Rent and Operating Trends Week of August 7th
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Economic optimists ended last week on a strong note, as the July employment numbers showed more than half a million new jobs added last month. New jobs were added across a variety of sectors, showing the diversity and strength of the continued employment recovery. In fact, with the significant increase in jobs created last month, the U.S. economy has now recovered all 22 million positions lost during the COVID-19 pandemic. The national unemployment rate fell to 3.5%, matching the pre-pandemic low, and wage growth accelerated, increasing 5.2% year-over-year.
While the employment market remains red hot, other economic indicators continue to flash warning signs. High inflation persists, GDP continues to contract, and consumers are very wary of the prospects for continued economic growth. Consumer confidence in the housing market fell to its lowest level since 2011 according to Fannie Mae, as only 17% of survey respondents believe it’s a good time to purchase a home. This may push prospective home buyers back into the rental market and strengthen multifamily demand. Given the growth in the employment market, I continue to believe that the recession will be shallow and short lived, however, we are in a period of economic contraction.
The Inflation Reduction Act, a bill that will likely go down as the Biden administration’s watershed legislative achievement, passed the Senate this week. Of specific importance for the multifamily industry is the carried interest provision within the tax code. While many Democrats had argued to remove the provision, in the end, it remained. A change to carried interest would have a significant impact on property valuation and transaction volume, as many owners take advantage of the current carried interest provision.
Key Takeaways – Data as of 08/07/2022
Traffic and Leases:
- Traffic and leases signed remained flat last week as most multifamily fundamentals continue to soften. Nationwide, properties averaged 8.3 tours last week and 2.6 leases were signed per property.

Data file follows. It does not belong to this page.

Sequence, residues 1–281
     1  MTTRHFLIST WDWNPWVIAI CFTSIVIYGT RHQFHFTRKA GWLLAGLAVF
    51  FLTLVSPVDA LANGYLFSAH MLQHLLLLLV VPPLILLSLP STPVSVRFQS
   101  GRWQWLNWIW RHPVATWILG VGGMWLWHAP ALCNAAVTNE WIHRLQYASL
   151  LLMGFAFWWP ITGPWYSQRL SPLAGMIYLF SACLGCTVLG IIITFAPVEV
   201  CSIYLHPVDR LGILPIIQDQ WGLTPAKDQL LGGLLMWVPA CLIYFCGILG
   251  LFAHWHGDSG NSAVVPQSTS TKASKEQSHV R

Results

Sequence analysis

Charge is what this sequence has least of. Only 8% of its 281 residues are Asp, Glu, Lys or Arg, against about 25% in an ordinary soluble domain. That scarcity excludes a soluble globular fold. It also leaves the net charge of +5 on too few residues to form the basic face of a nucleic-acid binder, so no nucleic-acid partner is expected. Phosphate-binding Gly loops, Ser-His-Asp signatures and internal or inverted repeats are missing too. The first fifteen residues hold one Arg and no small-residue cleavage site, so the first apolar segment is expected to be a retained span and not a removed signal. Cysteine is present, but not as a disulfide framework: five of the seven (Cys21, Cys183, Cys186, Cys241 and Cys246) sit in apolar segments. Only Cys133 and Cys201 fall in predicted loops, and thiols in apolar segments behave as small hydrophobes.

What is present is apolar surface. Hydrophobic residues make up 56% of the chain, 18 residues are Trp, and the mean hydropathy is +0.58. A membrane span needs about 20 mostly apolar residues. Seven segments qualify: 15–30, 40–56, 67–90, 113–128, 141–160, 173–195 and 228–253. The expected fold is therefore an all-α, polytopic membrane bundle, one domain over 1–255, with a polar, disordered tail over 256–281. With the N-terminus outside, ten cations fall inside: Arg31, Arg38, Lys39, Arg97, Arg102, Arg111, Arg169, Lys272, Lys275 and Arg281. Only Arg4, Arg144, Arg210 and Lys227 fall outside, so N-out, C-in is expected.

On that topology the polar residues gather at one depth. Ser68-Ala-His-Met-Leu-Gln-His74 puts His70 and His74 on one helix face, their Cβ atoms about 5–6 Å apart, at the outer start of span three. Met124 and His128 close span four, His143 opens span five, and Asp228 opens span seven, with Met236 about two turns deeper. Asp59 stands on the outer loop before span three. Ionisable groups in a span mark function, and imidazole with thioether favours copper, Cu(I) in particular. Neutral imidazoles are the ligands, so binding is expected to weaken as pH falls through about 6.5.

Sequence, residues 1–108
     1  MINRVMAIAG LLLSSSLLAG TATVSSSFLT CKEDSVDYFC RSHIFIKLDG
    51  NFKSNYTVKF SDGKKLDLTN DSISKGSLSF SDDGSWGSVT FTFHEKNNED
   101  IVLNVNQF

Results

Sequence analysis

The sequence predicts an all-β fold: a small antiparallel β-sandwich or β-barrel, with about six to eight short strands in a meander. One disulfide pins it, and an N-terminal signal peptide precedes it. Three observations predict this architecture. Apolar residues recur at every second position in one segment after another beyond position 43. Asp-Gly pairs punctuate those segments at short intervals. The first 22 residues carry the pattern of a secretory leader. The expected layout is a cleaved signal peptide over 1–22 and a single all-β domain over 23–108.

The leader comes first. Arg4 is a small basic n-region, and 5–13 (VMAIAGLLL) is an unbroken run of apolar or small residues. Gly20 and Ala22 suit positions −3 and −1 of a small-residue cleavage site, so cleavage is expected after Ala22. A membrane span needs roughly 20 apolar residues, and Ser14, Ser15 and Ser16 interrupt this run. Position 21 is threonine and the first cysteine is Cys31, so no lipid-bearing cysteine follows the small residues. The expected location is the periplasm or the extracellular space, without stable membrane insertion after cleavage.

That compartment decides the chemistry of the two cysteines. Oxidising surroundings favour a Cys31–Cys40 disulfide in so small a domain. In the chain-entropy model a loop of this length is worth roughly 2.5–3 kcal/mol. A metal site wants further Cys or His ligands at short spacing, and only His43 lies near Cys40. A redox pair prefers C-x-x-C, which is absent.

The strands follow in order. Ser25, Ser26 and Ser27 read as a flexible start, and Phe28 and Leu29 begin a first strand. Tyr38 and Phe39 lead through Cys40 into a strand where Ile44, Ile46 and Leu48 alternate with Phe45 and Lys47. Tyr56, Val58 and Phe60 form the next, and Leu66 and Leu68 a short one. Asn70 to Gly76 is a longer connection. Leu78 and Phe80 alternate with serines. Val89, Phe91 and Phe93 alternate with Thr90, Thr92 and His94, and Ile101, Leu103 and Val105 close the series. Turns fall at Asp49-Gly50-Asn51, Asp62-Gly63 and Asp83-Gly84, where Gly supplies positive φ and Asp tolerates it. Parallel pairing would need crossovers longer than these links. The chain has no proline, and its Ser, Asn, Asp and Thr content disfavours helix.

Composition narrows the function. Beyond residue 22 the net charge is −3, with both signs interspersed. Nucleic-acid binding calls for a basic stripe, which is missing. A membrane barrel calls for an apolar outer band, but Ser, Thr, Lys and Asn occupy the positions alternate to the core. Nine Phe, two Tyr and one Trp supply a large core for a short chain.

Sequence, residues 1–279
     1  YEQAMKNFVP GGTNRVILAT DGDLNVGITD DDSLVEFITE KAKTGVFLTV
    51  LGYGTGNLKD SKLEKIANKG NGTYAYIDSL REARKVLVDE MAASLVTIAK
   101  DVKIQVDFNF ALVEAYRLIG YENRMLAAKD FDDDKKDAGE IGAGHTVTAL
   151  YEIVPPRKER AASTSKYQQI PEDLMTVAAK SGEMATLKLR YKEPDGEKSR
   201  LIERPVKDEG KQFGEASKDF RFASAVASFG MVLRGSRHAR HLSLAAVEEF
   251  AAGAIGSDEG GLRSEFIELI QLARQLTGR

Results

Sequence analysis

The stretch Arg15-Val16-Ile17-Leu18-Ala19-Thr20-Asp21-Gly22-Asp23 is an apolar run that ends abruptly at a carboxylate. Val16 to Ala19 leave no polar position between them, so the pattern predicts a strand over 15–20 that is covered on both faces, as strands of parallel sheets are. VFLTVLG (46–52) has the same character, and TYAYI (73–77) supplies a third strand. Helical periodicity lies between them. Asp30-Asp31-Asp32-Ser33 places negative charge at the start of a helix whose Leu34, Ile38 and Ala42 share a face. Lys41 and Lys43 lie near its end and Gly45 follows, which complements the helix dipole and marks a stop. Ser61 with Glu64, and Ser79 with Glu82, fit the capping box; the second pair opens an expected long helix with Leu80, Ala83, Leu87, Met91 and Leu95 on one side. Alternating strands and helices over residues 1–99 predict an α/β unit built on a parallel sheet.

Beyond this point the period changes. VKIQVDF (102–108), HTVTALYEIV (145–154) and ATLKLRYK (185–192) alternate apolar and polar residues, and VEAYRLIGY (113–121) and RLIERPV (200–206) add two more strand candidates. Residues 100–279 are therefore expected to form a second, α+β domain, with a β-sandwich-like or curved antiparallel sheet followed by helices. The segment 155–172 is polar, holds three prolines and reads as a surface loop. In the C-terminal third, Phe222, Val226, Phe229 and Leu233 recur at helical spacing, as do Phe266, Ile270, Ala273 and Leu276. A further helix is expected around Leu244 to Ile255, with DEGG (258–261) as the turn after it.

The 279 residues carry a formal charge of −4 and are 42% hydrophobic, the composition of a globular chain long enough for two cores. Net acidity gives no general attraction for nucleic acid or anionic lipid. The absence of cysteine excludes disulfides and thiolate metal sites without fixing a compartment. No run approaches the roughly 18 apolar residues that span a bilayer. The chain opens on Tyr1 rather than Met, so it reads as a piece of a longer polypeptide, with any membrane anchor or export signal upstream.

- As a potential sign of stabilization, 14 of the top 30 metros saw weekly traffic increase during the first week of August. Leading the nation were Los Angeles and Chicago, although weak leasing numbers in both gateway markets leave their conversion ratios below 28%.
Occupancy and Leased:
- Occupancy and leased percentages continue to fall modestly nationwide, declining 2 and 4 basis points respectively last week.
- Most metros are losing occupancy and New York is the only metro in the top 30 with occupancy above 97%. Given the overall shortage of housing, I don’t expect occupancy to crater, although we will likely see declining occupancy rates for the next few months.
Net Effective Rent:
- Net effective rent increased 10 basis points last week, after briefly falling the previous week. While the weekly growth is modest, the biggest story remains the rapid deceleration in year-over-year growth. Nationwide, rents are up only 6.2% compared to this time last year.
- Many metros continue to post small rent gains, which indicates steadiness in the rental market, however, as affordability issues arise once again, I anticipate further deceleration in rents. Like occupancy, I believe rent growth will have a floor, and will stabilize between 2% and 5%, in line with long term averages, after posting a historic year last year.